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View Poll Results: Is this a good idea?

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  • Brilliant - that'll work!

    4 66.67%
  • Dude - worst idea ever!! I have a thread you can post in when you're done.

    0 0%
  • Well the filing should be fine but the axle without those locking nuts is a bad idea, don't do it.

    2 33.33%
Results 1 to 6 of 6
  1. #1
    Air
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    Destroyer of Wheels Air's Avatar
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    Filing front fork to fit new rim on a vintage bike?

    Ahh, the adventures

    Bought new wheels for my Russian made vintage folding bike. This project involves the front wheel - the new wheel's axle is slightly too wide for the groove in the fork. (Found this out of course after I went and had the wheel trued - though I got to see how it was done and now all the instructions I've seen online make much more sense!)

    I went out to a hardware store and bought a small Dremel diamond point to file the fork down. I figure I can put that on my electric drill and run around the inside groove of the fork once, check the wheel, run around again, check the wheel, etc... Second option would be to file the bolt on the axle a little bit (looks to be too wide with the threads). I like the idea of making the frame take a standard wheel then a standard wheel being made to fit the frame.

    I can't replace the fork because of how it's made so that option's out.

    The only other thing I should mention is that the rim came with two sets of bolts - it looks like the first set (from the inside out) help lock the axle on. There's another rounded but with a groove nut that's right up against the wheel. The fork is narrow enough that I would have to remove that first set of bolts but it seems that if the wheel was bolted on it wouldn't unthread. Am I right on that?

    I've now put down the Dremel and wanted to ask you all if you thought this was a good or bad idea.

  2. #2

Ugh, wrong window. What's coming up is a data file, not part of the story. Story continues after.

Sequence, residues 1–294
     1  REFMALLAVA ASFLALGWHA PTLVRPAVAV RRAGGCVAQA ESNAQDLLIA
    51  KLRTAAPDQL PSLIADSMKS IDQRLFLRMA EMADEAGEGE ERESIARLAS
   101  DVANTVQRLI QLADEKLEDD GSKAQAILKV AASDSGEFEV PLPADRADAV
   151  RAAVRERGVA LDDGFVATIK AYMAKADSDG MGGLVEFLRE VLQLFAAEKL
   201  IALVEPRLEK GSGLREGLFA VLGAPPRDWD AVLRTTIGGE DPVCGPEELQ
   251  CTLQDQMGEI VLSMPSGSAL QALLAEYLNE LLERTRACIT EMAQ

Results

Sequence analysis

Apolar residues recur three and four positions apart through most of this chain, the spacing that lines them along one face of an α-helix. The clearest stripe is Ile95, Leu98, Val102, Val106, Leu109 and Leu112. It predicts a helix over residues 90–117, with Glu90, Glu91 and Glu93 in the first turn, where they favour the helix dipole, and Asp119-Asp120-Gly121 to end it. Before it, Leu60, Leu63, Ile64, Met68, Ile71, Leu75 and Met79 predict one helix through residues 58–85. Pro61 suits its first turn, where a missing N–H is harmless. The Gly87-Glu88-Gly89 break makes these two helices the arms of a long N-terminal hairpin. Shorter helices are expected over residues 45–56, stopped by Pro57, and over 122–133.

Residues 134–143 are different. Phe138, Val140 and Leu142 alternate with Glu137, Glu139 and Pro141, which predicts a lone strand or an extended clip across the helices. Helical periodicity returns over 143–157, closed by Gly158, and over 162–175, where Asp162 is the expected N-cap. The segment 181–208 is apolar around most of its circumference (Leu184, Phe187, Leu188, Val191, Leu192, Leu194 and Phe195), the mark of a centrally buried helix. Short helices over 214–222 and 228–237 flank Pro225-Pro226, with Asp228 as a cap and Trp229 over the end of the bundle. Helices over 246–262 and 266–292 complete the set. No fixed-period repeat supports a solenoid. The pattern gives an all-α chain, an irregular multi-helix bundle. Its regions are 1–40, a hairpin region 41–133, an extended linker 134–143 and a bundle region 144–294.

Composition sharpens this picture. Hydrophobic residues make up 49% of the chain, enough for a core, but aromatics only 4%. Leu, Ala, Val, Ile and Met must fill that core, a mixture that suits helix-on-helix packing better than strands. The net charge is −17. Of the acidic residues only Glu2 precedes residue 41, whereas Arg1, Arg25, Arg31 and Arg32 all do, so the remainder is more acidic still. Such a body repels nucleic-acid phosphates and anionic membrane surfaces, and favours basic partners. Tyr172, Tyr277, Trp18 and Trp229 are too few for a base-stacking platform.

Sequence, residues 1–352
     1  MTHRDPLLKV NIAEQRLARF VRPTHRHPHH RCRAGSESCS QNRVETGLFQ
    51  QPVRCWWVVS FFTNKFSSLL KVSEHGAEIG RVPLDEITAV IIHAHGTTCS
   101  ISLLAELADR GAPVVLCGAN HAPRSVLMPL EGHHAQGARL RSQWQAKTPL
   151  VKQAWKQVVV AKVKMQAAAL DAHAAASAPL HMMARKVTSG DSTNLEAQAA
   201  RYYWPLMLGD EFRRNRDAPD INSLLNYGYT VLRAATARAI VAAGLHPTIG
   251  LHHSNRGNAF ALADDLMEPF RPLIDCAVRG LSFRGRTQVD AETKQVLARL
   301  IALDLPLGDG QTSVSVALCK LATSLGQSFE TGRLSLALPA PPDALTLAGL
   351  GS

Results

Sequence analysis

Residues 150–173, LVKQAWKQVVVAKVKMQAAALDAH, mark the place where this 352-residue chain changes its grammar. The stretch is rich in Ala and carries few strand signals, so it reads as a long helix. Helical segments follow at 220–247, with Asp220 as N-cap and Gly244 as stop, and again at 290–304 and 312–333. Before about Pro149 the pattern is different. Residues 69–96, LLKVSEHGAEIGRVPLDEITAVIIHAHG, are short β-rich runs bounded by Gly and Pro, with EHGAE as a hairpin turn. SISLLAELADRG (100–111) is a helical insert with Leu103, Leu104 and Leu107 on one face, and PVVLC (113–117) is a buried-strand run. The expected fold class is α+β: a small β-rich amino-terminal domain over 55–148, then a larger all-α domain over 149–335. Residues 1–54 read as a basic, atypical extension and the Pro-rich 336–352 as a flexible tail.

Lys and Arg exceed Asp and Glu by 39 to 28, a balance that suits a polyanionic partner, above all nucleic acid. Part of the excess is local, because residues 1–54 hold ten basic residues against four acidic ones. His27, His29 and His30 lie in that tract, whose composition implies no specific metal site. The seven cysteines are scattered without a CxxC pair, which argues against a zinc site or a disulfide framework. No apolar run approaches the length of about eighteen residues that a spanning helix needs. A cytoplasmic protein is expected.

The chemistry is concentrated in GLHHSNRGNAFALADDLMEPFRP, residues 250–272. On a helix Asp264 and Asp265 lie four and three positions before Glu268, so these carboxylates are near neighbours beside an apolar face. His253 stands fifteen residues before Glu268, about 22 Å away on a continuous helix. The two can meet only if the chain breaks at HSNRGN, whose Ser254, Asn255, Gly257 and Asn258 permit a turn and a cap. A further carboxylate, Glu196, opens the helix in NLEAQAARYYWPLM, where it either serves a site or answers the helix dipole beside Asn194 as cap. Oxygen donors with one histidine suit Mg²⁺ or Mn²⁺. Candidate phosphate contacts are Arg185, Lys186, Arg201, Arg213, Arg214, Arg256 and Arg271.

Senior Member grolby's Avatar
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    filing dropouts to fit the wider quick-release axle in there is fine, but you shouldn't remove the axle locknuts. Re-spacing a front wheel isn't too smart. Instead, just spread the fork a bit to fit the new wheel. It's only 9mm, as long as you spread each fork blade by approximately the same amount (you can do this by eye, no need for fancy tools - I checked the space between the inside of each fork blade and the rim of the installed wheel with my finger when i did this), it'll be fine. I've done both the filing and the fork spreading to fit a wider quick-release front wheel, and it worked great.
    ISO: used, working Shimano 10-speed shifters/groups (6600, 6700, 7800, 7900). PM por favor.

  3. #3
    Old as dirt 48yearoldN00b's Avatar
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    I think I'd be tempted to use a hand "flat" file instead of the grinding bit.

  4. #4
    Air
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    Thanks guys. Luckily my drill is on the slower side so I'm not afraid of eating the fork out too quickly

    I'm going to take a run to a hardware store - I'm wondering if I can find nuts that are narrower than the ones that came with the wheel which would possibly help that situation. Will probably start the drill up slowly tomorrow

  5. #5
    Last one to the top... Little Darwin's Avatar
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    Filing shouldn't be a problem if it is a small amount, and it is a steel fork.

    However, I would try to find an axle set (axle and nuts) that work with the wheel, and is slightly smaller than the existing axle.

    I would find it difficult to trust a ground off fork at high speed on less than ideal surfaces.
    Slow Ride Cyclists of NEPA

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  6. #6
    Air
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    True - while the surfaces aren't the best I'm not doing anything too crazy with this. It also only has one speed and a coaster brake. It's definately a steel fork (and frame) - the thing is built like a tank!

    I should also mention these are 20" wheels if that makes a difference.

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